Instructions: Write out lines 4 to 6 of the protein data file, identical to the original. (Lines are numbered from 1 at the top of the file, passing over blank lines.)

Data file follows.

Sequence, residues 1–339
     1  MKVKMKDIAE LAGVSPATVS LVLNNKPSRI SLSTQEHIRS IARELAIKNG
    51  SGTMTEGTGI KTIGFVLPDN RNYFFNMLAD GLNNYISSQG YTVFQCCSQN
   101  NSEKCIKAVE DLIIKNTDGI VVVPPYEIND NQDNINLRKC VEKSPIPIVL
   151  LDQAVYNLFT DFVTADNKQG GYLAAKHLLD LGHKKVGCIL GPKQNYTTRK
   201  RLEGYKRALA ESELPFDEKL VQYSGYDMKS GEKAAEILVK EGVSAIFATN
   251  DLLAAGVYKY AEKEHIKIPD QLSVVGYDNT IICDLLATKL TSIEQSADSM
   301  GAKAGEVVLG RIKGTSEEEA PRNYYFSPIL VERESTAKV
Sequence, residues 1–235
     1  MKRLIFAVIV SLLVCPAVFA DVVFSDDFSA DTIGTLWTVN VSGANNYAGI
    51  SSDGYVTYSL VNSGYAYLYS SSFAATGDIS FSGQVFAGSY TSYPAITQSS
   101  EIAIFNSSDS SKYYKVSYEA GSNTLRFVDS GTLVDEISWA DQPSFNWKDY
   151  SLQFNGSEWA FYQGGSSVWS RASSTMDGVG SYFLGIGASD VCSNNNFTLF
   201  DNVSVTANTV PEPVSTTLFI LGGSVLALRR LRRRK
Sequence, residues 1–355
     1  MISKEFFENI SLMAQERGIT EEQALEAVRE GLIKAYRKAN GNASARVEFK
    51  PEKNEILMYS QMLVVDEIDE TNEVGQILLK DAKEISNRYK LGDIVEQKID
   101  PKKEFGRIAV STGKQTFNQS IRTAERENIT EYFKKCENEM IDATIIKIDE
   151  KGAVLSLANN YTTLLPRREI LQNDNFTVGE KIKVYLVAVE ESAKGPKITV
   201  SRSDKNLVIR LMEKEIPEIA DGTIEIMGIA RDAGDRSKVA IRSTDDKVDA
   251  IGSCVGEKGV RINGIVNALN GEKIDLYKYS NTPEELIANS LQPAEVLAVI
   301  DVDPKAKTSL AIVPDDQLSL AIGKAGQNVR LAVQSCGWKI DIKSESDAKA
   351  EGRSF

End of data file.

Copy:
   101  NSEKCIKAVE DLIIKNTDGI VVVPPYEIND NQDNINLRKC VEKSPIPIVL
   151  LDQAVYNLFT DFVTADNKQG GYLAAKHLLD LGHKKVGCIL GPKQNYTTRK
   201  RLEGYKRALA ESELPFDEKL VQYSGYDMKS GEKAAEILVK EGVSAIFATN